There are many other delightful creatures to be seen on the island as well. Though some may shiver at the thought of reptiles, Madagascar sports an astounding variety of non-poisonous species. We will encounter lizards ranging from drab brown chameleons that are no larger than your little finger to some growing up to two feet in length. Many of these can develop speckles of color on their bodies that mix red, yellow, orange, brown, green, and white. Just as intriguing are the geckos which cling to walls, trunks, and leaves with expanded suction pads at the tips of their toes. World famous are the leaf-tailed geckos of the rainforest which we will see on Nosy Mangabe. With amazing cryptic coloration that matches that of fungus covered leaves, these geckos have a broad flat tail that is totally unlike any other gecko.

Pitcher Plant
Pitcher Plant*

Madagascar has been an evolutionary laboratory for plants as well, and is famous for its eight species of baobab tree, those amazing stout-trunked symbols of Africa. In the southern desert, we will see not only baobabs, but a number of plants which are so bizarre they have made Madagascar famous. There are the thorny-trunked Pachypodium or elephant-foot genus, and the slender, thorny trees of the endemic family Didiereaceae, looking like some kind of cactus, though they are not related to cacti at all. Madagascar has more species of orchids than all of Africa (over 1000),  many species of palms, and is the home of the famous "Traveler's Palm."

Tolagnaro Coast
Tolagnaro Coast*

No trip would be complete without visiting Madagascar's idyllic coastline and sunny beaches.  We will explore the tropical island of Nosy Be, just off the western coast where we'll visit delicious white sand beaches lapped by gentle warm waves. Just offshore, there is a large coral reef with an unbelievable collection of brilliantly colored tropical fish.  Returning to shore, we will be treated to a delicious picnic lunch of fresh seafood cooked on site.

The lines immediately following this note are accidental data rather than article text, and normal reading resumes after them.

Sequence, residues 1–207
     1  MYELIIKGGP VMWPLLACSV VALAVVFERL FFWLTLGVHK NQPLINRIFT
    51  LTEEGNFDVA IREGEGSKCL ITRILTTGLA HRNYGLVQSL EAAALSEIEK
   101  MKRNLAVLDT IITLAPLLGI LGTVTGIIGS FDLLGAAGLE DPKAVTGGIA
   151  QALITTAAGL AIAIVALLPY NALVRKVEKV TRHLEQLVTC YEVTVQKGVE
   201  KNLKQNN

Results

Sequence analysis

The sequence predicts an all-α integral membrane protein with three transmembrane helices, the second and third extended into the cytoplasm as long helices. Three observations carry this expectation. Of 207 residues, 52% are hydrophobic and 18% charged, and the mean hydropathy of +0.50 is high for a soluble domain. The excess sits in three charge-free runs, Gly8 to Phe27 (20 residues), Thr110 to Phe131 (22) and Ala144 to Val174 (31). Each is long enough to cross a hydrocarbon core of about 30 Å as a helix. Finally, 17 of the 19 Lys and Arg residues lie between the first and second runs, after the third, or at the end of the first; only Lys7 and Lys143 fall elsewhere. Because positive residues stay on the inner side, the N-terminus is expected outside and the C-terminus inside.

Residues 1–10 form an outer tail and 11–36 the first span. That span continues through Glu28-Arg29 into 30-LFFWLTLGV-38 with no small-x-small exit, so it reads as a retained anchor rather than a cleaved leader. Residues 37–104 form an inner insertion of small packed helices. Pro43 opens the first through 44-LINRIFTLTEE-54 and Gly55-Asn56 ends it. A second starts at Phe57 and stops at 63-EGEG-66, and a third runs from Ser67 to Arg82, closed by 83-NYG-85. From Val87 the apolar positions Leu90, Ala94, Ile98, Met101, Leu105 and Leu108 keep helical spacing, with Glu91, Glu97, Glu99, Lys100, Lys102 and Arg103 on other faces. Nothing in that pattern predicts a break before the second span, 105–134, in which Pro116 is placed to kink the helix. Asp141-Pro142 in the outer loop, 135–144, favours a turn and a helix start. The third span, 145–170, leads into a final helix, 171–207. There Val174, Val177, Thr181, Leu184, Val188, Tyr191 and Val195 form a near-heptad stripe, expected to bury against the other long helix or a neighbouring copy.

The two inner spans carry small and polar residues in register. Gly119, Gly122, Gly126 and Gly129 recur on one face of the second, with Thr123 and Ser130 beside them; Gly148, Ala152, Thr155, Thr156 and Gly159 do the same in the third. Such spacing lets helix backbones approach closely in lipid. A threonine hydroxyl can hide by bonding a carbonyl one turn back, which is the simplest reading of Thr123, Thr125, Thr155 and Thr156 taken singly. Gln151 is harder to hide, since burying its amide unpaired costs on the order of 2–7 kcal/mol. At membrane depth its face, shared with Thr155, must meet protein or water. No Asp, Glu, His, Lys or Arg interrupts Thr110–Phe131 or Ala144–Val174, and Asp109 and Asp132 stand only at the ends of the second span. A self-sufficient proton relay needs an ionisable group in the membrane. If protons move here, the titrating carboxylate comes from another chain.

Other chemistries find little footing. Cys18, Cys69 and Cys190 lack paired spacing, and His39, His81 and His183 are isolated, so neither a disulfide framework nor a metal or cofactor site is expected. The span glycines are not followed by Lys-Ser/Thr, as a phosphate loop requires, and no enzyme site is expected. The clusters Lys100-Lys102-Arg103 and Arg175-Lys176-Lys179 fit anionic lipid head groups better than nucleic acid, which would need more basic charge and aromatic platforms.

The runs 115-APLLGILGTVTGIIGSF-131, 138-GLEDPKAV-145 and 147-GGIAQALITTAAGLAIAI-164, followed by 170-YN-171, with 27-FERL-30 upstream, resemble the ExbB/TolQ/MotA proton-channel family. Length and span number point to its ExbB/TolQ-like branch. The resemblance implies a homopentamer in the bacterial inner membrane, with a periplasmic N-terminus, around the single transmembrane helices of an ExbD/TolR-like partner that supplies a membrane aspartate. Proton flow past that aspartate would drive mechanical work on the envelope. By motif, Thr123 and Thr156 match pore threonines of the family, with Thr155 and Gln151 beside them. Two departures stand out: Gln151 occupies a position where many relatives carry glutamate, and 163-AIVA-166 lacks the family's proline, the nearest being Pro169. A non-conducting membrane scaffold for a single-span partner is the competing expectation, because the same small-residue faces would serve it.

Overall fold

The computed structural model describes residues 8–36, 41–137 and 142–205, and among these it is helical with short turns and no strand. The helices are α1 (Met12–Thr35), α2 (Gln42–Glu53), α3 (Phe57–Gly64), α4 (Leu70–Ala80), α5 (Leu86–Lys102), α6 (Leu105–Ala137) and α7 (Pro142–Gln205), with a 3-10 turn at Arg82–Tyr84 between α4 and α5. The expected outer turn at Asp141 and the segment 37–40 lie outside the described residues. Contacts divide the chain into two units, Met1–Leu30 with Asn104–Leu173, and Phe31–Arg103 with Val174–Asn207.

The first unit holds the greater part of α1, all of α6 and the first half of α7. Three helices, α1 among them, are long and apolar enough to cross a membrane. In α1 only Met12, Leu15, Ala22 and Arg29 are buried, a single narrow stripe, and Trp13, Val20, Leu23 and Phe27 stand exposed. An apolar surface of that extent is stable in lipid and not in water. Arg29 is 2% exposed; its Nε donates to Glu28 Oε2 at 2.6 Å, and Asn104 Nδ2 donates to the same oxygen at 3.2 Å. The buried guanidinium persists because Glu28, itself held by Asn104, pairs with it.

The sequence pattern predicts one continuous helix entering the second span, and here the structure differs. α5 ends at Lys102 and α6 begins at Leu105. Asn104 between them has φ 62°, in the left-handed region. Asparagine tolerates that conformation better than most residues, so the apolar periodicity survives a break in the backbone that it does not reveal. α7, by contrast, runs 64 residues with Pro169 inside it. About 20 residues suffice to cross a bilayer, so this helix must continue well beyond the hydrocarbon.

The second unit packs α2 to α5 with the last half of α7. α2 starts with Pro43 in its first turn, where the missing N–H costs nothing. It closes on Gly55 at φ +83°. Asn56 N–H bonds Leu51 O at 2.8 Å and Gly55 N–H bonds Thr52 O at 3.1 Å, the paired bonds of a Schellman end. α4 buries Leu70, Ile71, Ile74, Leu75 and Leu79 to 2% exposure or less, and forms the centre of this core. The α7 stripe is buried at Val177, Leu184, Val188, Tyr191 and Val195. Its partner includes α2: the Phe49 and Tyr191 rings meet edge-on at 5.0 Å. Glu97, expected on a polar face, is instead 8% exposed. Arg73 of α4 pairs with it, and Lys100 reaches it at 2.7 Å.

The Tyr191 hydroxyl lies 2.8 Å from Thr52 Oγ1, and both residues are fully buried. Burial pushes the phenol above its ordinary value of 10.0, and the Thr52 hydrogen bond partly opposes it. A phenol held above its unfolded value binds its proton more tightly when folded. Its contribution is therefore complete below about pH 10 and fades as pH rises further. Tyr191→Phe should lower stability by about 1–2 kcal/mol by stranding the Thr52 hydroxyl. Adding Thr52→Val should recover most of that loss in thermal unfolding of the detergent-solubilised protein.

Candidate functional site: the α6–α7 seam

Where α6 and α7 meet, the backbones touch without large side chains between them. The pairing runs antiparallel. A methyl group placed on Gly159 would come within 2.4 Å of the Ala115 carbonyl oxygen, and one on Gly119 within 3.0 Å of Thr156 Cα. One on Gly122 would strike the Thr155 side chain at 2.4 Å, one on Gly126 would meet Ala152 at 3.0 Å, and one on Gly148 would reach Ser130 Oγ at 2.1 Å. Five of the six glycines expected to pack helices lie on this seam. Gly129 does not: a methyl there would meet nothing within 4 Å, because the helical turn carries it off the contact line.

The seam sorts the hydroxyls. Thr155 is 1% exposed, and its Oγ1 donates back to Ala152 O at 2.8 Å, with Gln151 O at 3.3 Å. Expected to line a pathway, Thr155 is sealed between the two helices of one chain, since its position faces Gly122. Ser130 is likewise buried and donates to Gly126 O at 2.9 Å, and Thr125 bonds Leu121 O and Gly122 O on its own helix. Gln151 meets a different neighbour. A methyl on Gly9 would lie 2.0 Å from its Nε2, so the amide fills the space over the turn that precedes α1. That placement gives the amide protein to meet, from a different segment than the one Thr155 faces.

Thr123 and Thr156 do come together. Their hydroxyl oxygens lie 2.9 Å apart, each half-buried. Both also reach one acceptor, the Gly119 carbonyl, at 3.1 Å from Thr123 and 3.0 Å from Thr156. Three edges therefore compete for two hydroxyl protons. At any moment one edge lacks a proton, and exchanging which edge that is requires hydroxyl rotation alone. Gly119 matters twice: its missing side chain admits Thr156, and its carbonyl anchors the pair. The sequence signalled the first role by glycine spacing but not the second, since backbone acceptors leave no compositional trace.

The mystique of Madagascar is due in no small part, to its people as well and we will have opportunities to visit several cities, and some small villages. The people of Madagascar, called the Malagasy, settled there as little as two thousand years ago, and  have created a fascinating diversity of cultures, cuisines, music, and lifestyles.  Antananarivo,the capital of the modern nation, serves as our base for the beginning and end of the expedition. We will explore several parts of this city and enjoy shopping at several outdoor markets, for beautifully handcrafted textiles, baskets, and carvings.

Your Nature Discoveries escort and guide for this safari-of-a-lifetime is Peter Debes. A lifelong naturalist with an irresistible curiosity, Peter has excited hundreds of travelers about the fascinating wonders of the natural world. Peter has a Masters Degree in Environmental Education and brings years of study, interest and love for all living things to this expedition.  Peter has led a previous Nature Discoveries trip to Madagascar, and many expeditions to Zimbabwe and Botswana. At each lodge we'll have the added expertise and assistance of professional guides, drivers, and boatmen, who know the ways and whereabouts of the local wildlife.  Nature Discoveries is pleased to offer this incredible safari to Madagascar. We guarantee you'll have treasured memories that will last a lifetime.

Queen's Palace
Queen's Palace*

*Photographs by Peter Debes, copyright 2008

Home